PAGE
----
Yesterday was a very intense day full of activities. Early in the morning, seeing that it was raining heavily, our jungle excursion was canceled, and we proposed a bike ride. What we thought was going to be a simple walk through the town turned out to be an intense tour of the Nepalese landscape in which we found several animals such as elephants, deer, horses, cows, dogs or ducks. In addition, our favorite moment was when we had to cross a puddle that looked like a river as it covered us to the hip (shoutout to the leech that stung Barbara). It lasted longer than many of us could endure and some even got lost but we really enjoyed it. After a well-deserved rest, and seeing that the river still did not go down, a jungle jeep excursion was organized. Before we entered, we were lucky and honored to have been able to attend a wrestling battle live between two 12-year-old children, there were no injuries ... They warned us that silence was needed to see the animals, which It took us a little to respect, that may be the reason why we "only" saw deer, monkeys, birds and crocodiles. At the time of resting we were playing board games like the Resistance or the high pencil in which we discovered new colors such as sapphire, pistachio and persimmon. We ended the day watching a somewhat peculiar local dance that surprised some and disappointed others. And finally, Quique and the Javis woke up for dinner.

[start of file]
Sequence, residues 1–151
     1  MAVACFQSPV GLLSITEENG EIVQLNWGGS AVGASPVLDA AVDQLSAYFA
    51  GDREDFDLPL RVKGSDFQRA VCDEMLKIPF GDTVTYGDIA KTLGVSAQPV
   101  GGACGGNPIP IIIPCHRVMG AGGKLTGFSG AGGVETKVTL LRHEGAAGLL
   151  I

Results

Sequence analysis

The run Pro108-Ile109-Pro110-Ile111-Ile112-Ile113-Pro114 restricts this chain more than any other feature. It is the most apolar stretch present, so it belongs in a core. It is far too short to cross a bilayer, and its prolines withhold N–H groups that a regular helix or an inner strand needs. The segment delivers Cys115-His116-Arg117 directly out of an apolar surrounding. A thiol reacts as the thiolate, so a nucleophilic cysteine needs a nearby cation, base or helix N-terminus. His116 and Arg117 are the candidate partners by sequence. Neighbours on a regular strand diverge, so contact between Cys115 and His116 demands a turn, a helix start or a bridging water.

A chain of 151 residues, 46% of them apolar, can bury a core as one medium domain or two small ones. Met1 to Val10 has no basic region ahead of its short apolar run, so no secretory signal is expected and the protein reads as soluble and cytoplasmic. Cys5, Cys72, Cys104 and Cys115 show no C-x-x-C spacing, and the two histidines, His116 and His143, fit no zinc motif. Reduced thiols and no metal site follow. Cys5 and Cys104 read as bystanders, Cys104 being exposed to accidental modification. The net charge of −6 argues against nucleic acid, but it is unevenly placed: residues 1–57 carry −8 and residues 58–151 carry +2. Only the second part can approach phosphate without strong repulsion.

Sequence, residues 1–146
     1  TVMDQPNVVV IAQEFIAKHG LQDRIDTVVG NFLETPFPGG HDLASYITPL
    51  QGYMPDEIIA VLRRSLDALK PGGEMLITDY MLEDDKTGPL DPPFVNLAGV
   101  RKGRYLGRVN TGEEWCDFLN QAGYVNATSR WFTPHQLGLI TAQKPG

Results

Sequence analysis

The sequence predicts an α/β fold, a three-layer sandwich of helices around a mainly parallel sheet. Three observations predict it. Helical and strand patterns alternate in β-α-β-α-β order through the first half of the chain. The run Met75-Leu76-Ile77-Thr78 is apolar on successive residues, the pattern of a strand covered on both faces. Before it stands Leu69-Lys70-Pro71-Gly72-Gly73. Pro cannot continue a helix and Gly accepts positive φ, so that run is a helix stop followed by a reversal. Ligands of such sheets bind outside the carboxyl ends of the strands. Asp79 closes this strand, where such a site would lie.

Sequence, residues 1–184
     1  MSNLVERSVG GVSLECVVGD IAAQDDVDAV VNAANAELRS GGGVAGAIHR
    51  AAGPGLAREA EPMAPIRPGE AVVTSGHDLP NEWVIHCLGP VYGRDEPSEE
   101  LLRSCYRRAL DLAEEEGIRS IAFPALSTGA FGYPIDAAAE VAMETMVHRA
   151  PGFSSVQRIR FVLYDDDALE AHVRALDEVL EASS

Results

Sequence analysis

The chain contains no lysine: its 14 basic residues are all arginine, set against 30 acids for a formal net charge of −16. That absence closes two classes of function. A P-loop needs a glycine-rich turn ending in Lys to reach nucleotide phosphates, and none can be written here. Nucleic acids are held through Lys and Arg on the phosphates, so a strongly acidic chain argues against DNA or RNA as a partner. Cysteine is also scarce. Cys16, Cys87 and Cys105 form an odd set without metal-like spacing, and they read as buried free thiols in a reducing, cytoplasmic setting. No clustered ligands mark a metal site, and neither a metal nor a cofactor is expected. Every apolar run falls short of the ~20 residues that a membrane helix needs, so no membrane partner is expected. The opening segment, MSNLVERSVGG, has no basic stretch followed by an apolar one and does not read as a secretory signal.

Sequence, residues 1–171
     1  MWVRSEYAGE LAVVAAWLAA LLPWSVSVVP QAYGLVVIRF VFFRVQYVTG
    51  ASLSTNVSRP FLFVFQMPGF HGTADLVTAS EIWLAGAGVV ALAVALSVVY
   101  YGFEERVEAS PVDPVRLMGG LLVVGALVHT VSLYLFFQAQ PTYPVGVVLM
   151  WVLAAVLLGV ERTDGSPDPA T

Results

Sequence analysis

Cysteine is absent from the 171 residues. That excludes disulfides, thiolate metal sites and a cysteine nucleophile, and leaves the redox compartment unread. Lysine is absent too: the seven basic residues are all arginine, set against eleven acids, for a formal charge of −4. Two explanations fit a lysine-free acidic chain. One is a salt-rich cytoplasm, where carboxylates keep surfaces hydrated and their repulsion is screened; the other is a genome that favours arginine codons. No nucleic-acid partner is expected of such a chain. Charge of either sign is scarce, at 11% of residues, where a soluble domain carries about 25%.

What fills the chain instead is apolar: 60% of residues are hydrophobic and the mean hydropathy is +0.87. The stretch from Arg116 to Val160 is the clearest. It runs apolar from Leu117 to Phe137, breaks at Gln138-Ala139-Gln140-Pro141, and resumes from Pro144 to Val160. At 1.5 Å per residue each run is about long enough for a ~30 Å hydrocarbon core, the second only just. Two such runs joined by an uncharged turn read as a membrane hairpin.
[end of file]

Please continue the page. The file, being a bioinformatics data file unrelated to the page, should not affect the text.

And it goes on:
What was your funniest moment?
My funniest moment was when we went to the rafting
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Lucía
10/10
Yes, I recommend this program

We had a lot of fun and the people were amazing. Lovely food and housing as well as comfort and flexibility from the organization. Rita was an amazing host mother and the kids from the orphanage were lovely. The school was very tired but lots of fun.
The local coordinator, Lilah, was extremely helping and assisted us in every single way needed. As well as the general coordinator in Nepal who always answered our questions and helped us in what we needed.

The hostels provided by the organization were always amazing and had great service.
Overall: amazing experience, will definitely repeat in the near future.

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Pablo
8/10
Yes, I recommend this program

Translated by Go Overseas:

Nepal